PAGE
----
Made in a chilly blue color, this pattern is reminiscent of swirling ice formations. The color might be as cold as ice, but this scarf will definitely keep you warm and toasty. It's long enough to be folded over and worn in the keyhole fashion for double the warmth, but the pattern is also easy to add more length if you wish. Continue to the end of the page to learn how to make the acrylic yarn used much softer for wearing.
The name of this pattern was inspired by the formation of magical and evasive frost flowers rarely found in nature.The broomstick lace of this scarf looks as mystical as the phenomenon it was named for. Although there is a knitted stitch called "frost flower lace", don't be confused! Stumped for a title for this pattern, I cast out for help on social media. Since I haven't seen snow in my lifetime, and don't plan on it anytime soon, I never could have thought of this on my own. A big thanks goes out to +Nasrin Akther at Sewing for Life for naming the "Frost Flower" scarf!
Finished length is 60" (152.5 cm), and about 6" (15 cm) wide. *See end of pattern for notes about width.
Red Heart Super Saver worsted weight (4) acrylic yarn (light blue)
Crochet hook size I/9-5.50MM or size needed to obtain gauge
Wooden dowel or other object with a circumference of 4 1/2" (11.5 cm)
Yarn needle or smaller hook to weave in ends
4" by 4" (10 cm by 10 cm) = 2 rows of broomstick lace, 15 sc across.
Broomstick lace can be made on many objects other than a broomstick. Before you go purchasing a dowel to create this pattern, look around. This scarf was actually worked on a piece of broken shovel handle. If you don't have one object the proper circumference, try using two things held together. Broomsticks usually have a circumference of about 4" (10 cm), so you can add a knitting needle or wooden dowel with rubber bands to make up the difference.
Stitches and abbreviations:
Slip stitch (sl st)
Single crochet (sc)
Yarn over (y/o)
*Click here for a step by step photo tutorial to make this broomstick lace pattern.
To begin, ch 20. Make 1 sc in the 2nd ch from hook and in each of the remaining 18 chs. (20 sc)
Beg with current loop on hook, pull up a long loop about 2" (5 cm). Place the long loop on the broomstick, removing hook. (Insert hook in next st from back to front. Pull up a long loop, place on the broomstick) in each of the remaining 19 sc. (20 long loops on broomstick)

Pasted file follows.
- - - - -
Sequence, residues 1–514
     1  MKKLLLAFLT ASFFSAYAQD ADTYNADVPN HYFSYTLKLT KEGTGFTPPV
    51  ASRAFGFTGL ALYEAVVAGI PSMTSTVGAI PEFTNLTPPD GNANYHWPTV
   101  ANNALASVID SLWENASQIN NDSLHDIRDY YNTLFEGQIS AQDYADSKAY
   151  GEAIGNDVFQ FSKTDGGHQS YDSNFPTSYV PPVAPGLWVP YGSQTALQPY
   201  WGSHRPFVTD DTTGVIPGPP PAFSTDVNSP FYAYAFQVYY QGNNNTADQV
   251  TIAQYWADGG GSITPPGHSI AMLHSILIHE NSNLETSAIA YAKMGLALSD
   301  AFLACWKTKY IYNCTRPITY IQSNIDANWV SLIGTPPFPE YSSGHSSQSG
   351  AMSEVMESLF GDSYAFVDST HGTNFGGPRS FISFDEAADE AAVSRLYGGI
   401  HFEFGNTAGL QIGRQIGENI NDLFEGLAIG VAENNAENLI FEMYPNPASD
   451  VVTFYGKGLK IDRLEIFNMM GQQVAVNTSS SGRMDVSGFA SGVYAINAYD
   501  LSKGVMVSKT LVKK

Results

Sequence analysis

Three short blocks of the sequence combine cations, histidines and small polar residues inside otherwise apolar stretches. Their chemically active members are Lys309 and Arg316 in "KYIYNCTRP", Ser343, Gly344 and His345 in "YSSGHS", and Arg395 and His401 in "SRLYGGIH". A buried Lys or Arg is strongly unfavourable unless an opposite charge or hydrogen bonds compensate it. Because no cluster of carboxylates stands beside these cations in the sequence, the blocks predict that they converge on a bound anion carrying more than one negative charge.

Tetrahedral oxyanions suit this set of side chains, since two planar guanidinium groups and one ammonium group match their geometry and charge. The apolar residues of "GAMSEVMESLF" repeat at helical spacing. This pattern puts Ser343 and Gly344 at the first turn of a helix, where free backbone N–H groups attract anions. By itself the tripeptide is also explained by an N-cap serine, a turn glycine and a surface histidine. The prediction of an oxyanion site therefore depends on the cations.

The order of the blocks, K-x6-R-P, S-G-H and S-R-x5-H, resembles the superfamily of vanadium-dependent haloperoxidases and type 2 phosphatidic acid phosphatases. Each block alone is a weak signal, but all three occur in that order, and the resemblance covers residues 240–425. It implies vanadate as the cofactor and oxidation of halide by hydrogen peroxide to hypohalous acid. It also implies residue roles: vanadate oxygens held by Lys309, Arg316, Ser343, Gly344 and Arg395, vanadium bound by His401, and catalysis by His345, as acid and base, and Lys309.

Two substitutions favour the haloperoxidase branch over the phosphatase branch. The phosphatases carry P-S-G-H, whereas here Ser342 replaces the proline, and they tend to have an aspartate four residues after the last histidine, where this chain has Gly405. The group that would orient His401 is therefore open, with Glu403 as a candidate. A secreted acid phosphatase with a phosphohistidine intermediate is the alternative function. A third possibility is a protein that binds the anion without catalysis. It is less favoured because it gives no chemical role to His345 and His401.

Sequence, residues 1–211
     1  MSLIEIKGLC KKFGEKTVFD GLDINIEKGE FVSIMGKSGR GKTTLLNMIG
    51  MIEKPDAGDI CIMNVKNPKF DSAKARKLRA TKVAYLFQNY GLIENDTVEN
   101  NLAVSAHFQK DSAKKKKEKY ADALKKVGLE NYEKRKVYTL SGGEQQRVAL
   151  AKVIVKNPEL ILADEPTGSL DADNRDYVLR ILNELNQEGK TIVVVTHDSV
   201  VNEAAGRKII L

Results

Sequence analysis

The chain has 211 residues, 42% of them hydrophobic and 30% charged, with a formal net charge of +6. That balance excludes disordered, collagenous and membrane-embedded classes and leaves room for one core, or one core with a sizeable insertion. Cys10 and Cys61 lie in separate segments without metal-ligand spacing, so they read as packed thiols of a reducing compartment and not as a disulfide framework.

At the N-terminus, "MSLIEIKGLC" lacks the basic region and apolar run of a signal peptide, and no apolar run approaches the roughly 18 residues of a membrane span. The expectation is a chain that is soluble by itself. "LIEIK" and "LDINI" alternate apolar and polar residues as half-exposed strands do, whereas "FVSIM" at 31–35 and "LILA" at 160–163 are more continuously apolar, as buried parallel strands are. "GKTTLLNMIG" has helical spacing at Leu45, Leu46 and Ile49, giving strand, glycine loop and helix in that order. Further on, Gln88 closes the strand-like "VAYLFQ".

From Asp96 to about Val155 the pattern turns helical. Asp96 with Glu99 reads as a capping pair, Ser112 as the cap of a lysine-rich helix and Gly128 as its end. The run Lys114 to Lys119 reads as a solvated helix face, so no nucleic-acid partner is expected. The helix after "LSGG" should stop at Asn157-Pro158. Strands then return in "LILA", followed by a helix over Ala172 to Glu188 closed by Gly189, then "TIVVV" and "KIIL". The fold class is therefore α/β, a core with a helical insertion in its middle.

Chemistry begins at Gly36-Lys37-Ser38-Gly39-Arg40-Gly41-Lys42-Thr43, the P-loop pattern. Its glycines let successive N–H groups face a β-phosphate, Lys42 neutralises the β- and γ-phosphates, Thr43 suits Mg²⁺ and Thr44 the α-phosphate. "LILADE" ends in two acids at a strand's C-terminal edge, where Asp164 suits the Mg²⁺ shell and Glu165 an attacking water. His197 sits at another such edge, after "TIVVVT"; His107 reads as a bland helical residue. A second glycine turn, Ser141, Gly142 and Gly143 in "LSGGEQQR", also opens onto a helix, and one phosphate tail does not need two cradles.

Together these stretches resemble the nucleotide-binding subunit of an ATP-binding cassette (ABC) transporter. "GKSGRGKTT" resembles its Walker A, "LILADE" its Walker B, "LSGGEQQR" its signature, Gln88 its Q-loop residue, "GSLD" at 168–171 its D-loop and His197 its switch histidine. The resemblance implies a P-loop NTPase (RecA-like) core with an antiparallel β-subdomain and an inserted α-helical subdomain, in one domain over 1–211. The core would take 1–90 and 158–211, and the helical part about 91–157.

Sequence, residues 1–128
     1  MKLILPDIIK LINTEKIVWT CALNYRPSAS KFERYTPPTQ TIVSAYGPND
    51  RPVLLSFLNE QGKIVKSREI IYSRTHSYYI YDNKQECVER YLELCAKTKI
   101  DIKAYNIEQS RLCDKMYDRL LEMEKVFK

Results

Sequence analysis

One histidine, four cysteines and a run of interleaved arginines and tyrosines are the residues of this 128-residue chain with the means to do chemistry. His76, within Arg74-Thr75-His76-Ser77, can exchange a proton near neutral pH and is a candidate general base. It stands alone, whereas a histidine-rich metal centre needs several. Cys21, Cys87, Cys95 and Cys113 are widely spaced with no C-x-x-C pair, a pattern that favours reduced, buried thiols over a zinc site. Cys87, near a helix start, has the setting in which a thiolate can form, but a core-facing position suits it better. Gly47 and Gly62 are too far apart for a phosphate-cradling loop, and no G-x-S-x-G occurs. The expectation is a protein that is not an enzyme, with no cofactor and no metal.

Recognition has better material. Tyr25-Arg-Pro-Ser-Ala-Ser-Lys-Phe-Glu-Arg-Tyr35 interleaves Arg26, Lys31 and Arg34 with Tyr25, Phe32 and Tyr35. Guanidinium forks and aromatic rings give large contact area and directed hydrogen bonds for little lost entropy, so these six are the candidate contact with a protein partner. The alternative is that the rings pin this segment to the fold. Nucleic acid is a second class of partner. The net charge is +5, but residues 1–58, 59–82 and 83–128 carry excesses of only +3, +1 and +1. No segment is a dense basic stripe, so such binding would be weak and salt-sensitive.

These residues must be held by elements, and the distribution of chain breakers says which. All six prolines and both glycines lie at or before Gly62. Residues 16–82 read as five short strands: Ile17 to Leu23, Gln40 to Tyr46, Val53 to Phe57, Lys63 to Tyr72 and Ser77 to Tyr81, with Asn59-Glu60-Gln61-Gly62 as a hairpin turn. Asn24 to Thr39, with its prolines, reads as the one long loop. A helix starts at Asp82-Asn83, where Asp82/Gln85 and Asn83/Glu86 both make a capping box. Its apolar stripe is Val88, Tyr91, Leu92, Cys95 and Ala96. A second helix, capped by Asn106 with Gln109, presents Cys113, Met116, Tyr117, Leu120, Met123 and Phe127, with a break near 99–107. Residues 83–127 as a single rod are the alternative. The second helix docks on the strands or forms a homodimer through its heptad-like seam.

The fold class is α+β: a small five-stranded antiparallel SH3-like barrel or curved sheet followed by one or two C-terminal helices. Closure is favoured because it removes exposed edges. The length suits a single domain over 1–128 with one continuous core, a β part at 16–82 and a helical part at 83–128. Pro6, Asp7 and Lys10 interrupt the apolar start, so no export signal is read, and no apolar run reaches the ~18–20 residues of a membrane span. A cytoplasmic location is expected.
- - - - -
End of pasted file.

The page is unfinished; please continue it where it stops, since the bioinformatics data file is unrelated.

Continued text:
Insert the hook through the first 5 long loops on the broomstick. Remove the loops with the hook. Y/o, pull through all 5 loops. Ch 1 (counts as 1st sc in this group). Make 4 sc in the same 5 loops. *Insert hook in next 5 long loops, remove from broomstick. Make 5 sc in the same 5 loops.* Repeat from * to * 2 more times. (20 sc)
Rows 4 through 64:
Repeat Rows 2 and 3.
Do not bind off.
Ch 1, turn. Pull up a loop in each of the next 4 sts (5 loops on hook). Y/o, pull through all 5 loops. Ch 4. (Pull up a loop in each of the next 5 sts. Y/o, pull through all 5. Ch 4) 3 times. Working down the side of pattern: *Insert hook in next available long loop sp. (Pull up a loop, y/o, pull through 1 loop) 6 times (7 loops on hook). Y/o, pull through all 7 loops. Ch 4.* Repeat from * to * 32 more times. Working across bottom side of pattern: (Pull up a loop in each of the next 5 sts. Y/o, pull through all 5. Ch 4) four times. Working up the side of pattern: Repeat from * to * 33 times. Join with a sl st to beg ch-1.
Bind off, weave in ends.
The large loops in this pattern make it quite stretchy. Adding the border helps to keep the length about the same, but the width measurement changes slightly. When finished, this scarf measures 7" (about 18 cm) wide.
Once it is washed, blocked, and worn, the weight of the fabric pulls the slack out of the loops, and the width changes to about 6" (15 cm).
We all know acrylic yarn can be uncomfortable to wear. Wash the finished pattern with shampoo, then give it a rinse with some conditioner to soften the itchy fabric. Your neck will thank you!